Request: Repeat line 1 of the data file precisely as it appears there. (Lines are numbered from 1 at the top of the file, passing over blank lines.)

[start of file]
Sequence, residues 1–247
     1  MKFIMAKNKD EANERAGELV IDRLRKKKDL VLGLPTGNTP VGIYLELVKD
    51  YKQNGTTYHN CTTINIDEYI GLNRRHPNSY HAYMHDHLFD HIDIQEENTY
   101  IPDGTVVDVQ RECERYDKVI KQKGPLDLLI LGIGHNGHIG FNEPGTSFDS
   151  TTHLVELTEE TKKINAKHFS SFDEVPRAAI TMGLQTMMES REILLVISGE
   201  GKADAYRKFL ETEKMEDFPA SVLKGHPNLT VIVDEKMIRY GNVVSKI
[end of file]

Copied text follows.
Sequence, residues 1–247